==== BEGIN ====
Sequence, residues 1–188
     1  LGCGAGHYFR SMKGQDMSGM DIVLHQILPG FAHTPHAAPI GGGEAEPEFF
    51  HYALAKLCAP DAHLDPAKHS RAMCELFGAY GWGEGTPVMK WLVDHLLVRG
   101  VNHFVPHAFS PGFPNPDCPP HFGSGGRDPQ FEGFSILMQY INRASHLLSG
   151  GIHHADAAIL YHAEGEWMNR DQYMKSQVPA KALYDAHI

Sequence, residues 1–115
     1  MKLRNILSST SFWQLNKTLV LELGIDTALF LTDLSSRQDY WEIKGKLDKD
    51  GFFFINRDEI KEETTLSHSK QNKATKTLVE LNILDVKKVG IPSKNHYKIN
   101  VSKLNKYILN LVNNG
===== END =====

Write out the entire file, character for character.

Sequence, residues 1–188
     1  LGCGAGHYFR SMKGQDMSGM DIVLHQILPG FAHTPHAAPI GGGEAEPEFF
    51  HYALAKLCAP DAHLDPAKHS RAMCELFGAY GWGEGTPVMK WLVDHLLVRG
   101  VNHFVPHAFS PGFPNPDCPP HFGSGGRDPQ FEGFSILMQY INRASHLLSG
   151  GIHHADAAIL YHAEGEWMNR DQYMKSQVPA KALYDAHI

Sequence, residues 1–115
     1  MKLRNILSST SFWQLNKTLV LELGIDTALF LTDLSSRQDY WEIKGKLDKD
    51  GFFFINRDEI KEETTLSHSK QNKATKTLVE LNILDVKKVG IPSKNHYKIN
   101  VSKLNKYILN LVNNG